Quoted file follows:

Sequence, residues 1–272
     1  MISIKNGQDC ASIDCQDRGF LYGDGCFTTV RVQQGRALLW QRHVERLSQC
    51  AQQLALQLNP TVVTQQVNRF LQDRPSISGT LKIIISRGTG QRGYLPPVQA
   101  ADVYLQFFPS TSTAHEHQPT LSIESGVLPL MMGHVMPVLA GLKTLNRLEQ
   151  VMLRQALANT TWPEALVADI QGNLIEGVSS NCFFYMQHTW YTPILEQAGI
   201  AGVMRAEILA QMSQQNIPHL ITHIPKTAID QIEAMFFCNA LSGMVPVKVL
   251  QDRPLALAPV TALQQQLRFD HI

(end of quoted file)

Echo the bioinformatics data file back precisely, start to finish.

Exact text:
Sequence, residues 1–272
     1  MISIKNGQDC ASIDCQDRGF LYGDGCFTTV RVQQGRALLW QRHVERLSQC
    51  AQQLALQLNP TVVTQQVNRF LQDRPSISGT LKIIISRGTG QRGYLPPVQA
   101  ADVYLQFFPS TSTAHEHQPT LSIESGVLPL MMGHVMPVLA GLKTLNRLEQ
   151  VMLRQALANT TWPEALVADI QGNLIEGVSS NCFFYMQHTW YTPILEQAGI
   201  AGVMRAEILA QMSQQNIPHL ITHIPKTAID QIEAMFFCNA LSGMVPVKVL
   251  QDRPLALAPV TALQQQLRFD HI